Backhoes and Artificial Intelligence
“Deep learning is making a lot of things, behind-the-scenes, much better.”
“So it’s a bit like … as soon as you have good mechanical technology, you can make things like backhoes that can dig holes in the road. But of course a backhoe can knock your head off.”
You can make things like backhoes that can dig holes in the road OR use it to knock your head off
“But you don’t want to not develop a backhoe because it can knock your head off, that would be regarded as silly.”
“Obviously, if they’re used wrong, that can happen. Any new technology, if it’s used by evil people, bad things can happen. But that’s more a question of the politics of the technology. I think we should think of AI as the intellectual equivalent of a backhoe. It will be much better than us at a lot of things. And it can be incredibly good — backhoes can save us a lot of digging. But of course, you can misuse it.”
like every other technology it is up to us on how to use the technology. It is a good idea to put checks and balances, so humans do not use misuse technology, but without being an alarmist.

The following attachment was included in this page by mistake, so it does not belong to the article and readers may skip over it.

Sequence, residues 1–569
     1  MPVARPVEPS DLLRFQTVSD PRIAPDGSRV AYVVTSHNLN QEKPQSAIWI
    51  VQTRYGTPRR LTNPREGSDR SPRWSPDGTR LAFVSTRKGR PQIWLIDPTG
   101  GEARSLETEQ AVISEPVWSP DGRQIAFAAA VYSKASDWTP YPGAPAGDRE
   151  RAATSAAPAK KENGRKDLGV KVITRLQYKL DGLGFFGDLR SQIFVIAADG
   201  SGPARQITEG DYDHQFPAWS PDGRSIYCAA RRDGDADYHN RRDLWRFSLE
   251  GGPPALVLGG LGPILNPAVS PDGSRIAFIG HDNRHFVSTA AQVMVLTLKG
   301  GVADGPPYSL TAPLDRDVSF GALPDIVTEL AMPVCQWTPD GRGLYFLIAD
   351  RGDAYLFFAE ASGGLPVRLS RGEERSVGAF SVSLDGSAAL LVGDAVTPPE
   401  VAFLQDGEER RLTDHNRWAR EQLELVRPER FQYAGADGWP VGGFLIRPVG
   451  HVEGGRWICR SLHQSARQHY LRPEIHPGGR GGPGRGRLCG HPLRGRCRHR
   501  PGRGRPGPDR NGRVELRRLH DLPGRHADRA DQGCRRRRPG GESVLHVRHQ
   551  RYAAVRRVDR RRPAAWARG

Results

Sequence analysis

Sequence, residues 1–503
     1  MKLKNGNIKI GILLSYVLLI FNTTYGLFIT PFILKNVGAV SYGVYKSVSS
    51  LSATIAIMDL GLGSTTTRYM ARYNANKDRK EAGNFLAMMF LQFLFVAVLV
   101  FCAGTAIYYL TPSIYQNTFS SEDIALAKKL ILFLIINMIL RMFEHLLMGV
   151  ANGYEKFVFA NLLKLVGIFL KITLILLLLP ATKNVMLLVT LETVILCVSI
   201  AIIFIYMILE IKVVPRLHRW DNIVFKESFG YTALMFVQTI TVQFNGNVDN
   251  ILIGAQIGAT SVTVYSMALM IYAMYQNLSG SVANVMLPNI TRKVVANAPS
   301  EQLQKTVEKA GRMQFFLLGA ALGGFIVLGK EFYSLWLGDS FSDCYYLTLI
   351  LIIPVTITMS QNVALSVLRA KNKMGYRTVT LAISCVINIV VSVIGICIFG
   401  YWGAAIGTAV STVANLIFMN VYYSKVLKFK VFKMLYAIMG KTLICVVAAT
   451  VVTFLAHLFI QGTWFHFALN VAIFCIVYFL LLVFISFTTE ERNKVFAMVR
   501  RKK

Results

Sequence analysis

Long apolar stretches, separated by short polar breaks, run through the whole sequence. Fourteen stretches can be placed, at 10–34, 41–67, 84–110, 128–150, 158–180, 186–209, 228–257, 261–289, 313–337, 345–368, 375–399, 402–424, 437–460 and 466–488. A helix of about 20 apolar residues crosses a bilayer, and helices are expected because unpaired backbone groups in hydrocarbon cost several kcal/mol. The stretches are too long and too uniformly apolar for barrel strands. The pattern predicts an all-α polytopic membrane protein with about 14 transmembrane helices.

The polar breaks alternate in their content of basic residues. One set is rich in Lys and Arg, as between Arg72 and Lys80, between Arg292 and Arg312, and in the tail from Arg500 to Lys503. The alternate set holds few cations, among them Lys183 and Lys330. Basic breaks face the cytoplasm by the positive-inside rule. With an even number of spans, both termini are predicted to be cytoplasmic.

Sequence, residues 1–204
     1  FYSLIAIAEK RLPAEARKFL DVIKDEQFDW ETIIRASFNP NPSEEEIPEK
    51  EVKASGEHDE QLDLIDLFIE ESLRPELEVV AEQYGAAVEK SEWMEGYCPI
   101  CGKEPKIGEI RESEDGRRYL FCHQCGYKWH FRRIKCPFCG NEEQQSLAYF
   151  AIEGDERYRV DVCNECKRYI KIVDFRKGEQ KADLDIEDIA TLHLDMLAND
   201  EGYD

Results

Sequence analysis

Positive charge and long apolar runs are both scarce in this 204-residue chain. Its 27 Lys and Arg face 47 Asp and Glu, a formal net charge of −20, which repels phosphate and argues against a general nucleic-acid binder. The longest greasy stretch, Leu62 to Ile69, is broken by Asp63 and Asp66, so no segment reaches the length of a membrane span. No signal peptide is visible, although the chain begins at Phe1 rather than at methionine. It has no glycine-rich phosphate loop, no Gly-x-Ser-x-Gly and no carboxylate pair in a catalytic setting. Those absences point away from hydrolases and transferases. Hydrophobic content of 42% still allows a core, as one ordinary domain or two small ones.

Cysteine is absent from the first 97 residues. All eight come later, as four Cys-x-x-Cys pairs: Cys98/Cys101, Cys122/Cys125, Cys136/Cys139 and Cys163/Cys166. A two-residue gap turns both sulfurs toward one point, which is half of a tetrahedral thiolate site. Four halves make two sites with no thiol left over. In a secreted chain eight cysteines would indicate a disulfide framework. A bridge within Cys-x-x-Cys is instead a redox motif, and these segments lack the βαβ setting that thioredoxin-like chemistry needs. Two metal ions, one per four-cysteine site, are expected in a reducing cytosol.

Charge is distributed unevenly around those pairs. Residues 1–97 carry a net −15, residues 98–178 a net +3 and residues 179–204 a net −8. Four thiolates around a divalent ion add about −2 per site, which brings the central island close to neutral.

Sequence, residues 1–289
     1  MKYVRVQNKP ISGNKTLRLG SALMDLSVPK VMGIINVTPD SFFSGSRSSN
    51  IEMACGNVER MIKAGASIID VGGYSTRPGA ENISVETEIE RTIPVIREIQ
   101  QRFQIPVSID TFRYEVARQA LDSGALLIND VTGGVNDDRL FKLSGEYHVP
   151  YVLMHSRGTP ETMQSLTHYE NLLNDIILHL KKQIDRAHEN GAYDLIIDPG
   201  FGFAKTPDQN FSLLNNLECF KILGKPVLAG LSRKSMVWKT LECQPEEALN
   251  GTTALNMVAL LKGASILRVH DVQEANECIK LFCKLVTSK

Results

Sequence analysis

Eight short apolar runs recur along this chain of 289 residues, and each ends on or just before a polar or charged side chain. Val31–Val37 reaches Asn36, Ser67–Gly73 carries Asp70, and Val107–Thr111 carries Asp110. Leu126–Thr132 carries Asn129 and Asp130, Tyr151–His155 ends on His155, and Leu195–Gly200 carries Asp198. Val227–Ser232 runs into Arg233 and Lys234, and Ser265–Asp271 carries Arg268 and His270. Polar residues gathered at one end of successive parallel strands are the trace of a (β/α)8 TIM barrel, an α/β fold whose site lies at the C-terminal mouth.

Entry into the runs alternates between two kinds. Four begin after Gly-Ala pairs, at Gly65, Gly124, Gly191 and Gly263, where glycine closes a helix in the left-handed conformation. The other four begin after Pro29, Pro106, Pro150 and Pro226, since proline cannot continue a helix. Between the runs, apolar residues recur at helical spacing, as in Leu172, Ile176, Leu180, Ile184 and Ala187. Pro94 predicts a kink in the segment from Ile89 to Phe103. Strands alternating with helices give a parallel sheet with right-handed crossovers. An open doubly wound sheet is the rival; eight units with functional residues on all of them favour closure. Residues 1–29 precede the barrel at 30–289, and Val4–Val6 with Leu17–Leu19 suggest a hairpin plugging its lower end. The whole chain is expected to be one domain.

So about Robots taking over and killing people, let’s not underestimate the competence of humans.
Let’s focus on humans doing more harm to humans by misusing technology, than “recursive self-improving robots” doing harm to humans.
Geoffrey Hinton at the University of Toronto was one of the first researchers to devise a breakthrough idea for training deep neural networks. He’s often referred to as one of the father’s of deep learning because his approach led to the creation of the Restricted Boltzmann Machine, (RBM) and the Deep Belief Network (DBN). He was also significantly involved in Google’s large scale image recognition DBN. See a video of his “Introduction to Deep Learning & Deep Belief Nets”